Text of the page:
United States District Court, M.D. Alabama, Southern Division
KEITH WATKINS UNITED STATES DISTRICT JUDGE
the court are the Government's First, Second, and Third
Motions in Limine. The Government moves to exclude
references to evidence of Defendant Ricky Ladon Smith's
good conduct (Doc. # 22), to exclude references to potential
punishment that could be imposed upon conviction (Doc. # 23),
and to exclude references to the Government's failure to
call equally available witnesses (Doc. # 24). Mr. Smith did
not file a response to any of these motions.
in limine are not favored under the law. “The
movant has the burden of demonstrating that the evidence is
inadmissible on any relevant ground.” Bowden v.
Wal-Mart Stores, Inc., No. CIV. A. 99-D-880-E, 2001 U.S.
Dist. LEXIS 7213, at *3 (M.D. Ala. Feb. 20, 2001).
“[I]t is the better practice to wait until trial to
rule on objections when admissibility substantially depends
upon what facts may be developed there. Thus, the motion in
limine is an effective approach only if the evidence at issue
is clearly inadmissible.” Id. at *2-3
(internal citations omitted); see also Murphy v.
Precise, No. 1:16-cv-143, 2017 U.S. Dist. LEXIS 197798,
at *3 (M.D. Ala. Dec. 1, 2017) (quoting Bowden on
THE GOVERNMENT'S FIRST MOTION IN LIMINE
Government moves to exclude reference to “evidence of,
or reference to, the defendant's general good character
and specific instances of good conduct, including but not
limited to, evidence of awards, commendations, recognition,
or good acts.” (Doc. # 22.)
Government correctly notes in its motion that evidence of a
defendant's character is generally inadmissible to prove
that he or she acted in accordance with that character.
Fed.R.Evid. 404(a)(1). “Evidence of good conduct,
” generally speaking, “is not admissible to
negate criminal intent.” United States v.
Ellisor, 522 F.3d 1255, 1270 (11th Cir. 2008) (holding
that evidence that a defendant had conducted some legitimate
business activities was not admissible to show that she did
not defraud some of her investors); United States v.
Camejo, 929 F.2d 610, 612- 613 (11th Cir. 1991) (holding
that evidence that a defendant refused to join one drug ring
was not admissible to show that he did not sell drugs on his
a criminal defendant may introduce evidence of his own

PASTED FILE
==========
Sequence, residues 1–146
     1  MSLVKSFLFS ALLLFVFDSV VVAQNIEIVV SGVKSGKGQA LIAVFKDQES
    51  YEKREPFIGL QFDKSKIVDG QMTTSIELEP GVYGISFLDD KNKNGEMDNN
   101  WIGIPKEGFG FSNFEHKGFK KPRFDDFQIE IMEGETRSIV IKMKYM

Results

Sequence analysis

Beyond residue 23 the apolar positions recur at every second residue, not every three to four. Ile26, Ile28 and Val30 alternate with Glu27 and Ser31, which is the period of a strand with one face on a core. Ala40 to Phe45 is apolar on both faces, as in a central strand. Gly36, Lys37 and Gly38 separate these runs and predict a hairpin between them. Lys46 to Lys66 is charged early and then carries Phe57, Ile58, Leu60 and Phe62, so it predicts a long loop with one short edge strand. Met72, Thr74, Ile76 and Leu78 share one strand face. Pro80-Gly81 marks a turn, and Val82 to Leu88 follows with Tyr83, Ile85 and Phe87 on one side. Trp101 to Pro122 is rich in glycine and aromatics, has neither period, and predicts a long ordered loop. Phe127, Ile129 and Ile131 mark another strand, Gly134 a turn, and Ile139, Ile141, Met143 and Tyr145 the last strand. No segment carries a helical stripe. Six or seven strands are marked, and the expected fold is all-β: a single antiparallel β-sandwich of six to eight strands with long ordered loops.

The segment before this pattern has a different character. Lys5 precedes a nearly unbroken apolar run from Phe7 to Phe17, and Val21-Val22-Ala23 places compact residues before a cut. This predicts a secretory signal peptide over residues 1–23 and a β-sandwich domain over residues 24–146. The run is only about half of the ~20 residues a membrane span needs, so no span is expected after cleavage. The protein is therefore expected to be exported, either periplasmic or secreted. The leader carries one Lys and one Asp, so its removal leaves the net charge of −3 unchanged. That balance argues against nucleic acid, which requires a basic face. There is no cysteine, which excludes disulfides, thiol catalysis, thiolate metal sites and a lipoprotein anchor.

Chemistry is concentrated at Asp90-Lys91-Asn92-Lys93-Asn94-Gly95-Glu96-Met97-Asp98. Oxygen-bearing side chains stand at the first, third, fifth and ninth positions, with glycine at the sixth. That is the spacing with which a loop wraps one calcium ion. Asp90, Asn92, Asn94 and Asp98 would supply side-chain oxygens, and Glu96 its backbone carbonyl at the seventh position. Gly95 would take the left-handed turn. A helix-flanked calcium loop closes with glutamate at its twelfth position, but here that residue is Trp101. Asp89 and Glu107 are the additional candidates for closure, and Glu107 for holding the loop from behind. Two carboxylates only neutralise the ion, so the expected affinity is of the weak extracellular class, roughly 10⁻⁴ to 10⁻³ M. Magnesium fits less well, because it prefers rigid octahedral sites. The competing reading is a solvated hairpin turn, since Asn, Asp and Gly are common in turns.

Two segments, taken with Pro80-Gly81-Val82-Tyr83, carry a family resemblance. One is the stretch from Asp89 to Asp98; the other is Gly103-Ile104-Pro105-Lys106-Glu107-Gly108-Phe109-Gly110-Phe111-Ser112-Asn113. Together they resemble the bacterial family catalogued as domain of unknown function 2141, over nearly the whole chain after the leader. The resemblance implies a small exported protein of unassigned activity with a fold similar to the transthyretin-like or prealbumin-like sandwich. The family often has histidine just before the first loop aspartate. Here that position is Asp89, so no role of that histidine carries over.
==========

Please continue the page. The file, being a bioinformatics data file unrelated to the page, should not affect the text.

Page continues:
“pertinent” character trait. Fed.R.Evid.
404(a)(2)(A); see United States v. Hewitt, 634 F.2d
277, 279 (5th Cir. Unit A Jan. 1981) (defining
“pertinent” as “relevant”). This rule
permits admission of “evidence of character for
obedience to law.” Hewitt, 634 F.2d at 280;
see Id. at 278 (holding that it was error in an
unlawful-possession-or-receipt-of-a-firearm case to exclude
evidence of a defendant's character as a law-abiding
citizen); United States v. Darland, 626 F.2d 1235,
1237 (5th Cir. 1980) (holding that the defendant's
“reputation for honesty, for integrity, as a
law-abiding citizen” was relevant in a robbery case).
Government's motion does not specifically identify any
good character evidence that it expects Mr. Smith to offer.
In the abstract, all such evidence is not “clearly
inadmissible.” See Bowden, 2001 U.S. Dist.
LEXIS 7213, at *3. Therefore, ruling will be reserved on
whether such evidence relates to a pertinent trait until it
is offered at trial, so the Government's First Motion
in Limine will be denied.
THE GOVERNMENT'S SECOND MOTION IN LIMINE
Government additionally moves to “exclude all direct or
indirect reference to, or evidence of, the sentence that
might be imposed if Smith is convicted of the offenses
charged, or other collateral consequences of
conviction.” (Doc. # 23.) This motion is due to be
granted because “[t]he jury's role is to determine
guilt or innocence, and it should reach its verdict without
regard to the potential sentence imposed.” United
States v. Bergman, 852 F.3d 1046, 1073 (11th Cir. 2017).
“Information regarding the consequences of a verdict is
therefore irrelevant to the jury's task. Moreover,
providing jurors sentencing information invites them to
ponder matters that are not within their province, distracts
them from their factfinding responsibilities, and creates a
strong possibility of confusion.” Shannon v. United
States, 512 U.S. 573, 579 (1994). Referencing potential
punishment is an implicit jury nullification argument,
United States v. Johnson, 62 F.3d 849, 850-51 (6th
Cir. 1995), and defense counsel cannot encourage
nullification, United States v. Trujillo, 714 F.2d
102, 106 (11th Cir. 1983); see United States v.
Roberts, 215 Fed.Appx. 842, 847 (11th Cir. 2007) (per
curiam). Thus, the Government's Second Motion in
Limine will be granted.
THE GOVERNMENT'S THIRD MOTION IN LIMINE
Government's Third Motion in Limine, it moves
“to prohibit reference to the government's failure
to call equally available witnesses.” (Doc. # 24.)
witness is “equally available” to both the
Government and a defendant, then “no unfavorable
inference against the government could be drawn from its
failure to call [the] witness.” Luttrell v. United
States, 320 F.2d 462, 465 (5th Cir. 1963); see
United States v. Chapman, 435 F.2d 1245, 1247 (5th Cir.
1970) (“The long-standing rule in this circuit is that
any inference from a party's failure to call a certain
witness equally available to both parties is
impermissible.”). On the other hand, “[w]hen a
witness is peculiarly within the control of one party, and
the witness' testimony would elucidate facts in issue, an
instruction is appropriate regarding the permissible
inference which the jury may draw from the party's
failure to call the witness.” United States v.
Nahoom, 791 F.2d 841, 846 (11th Cir. 1986); see also
United States v. Richard, 678 Fed.Appx. 927, 941 (11th
Cir. 2017) (discussing this rule).
Government assures the court that all potential witnesses in
this case are available to both sides, and Mr. Smith has not
contradicted that assertion. The ...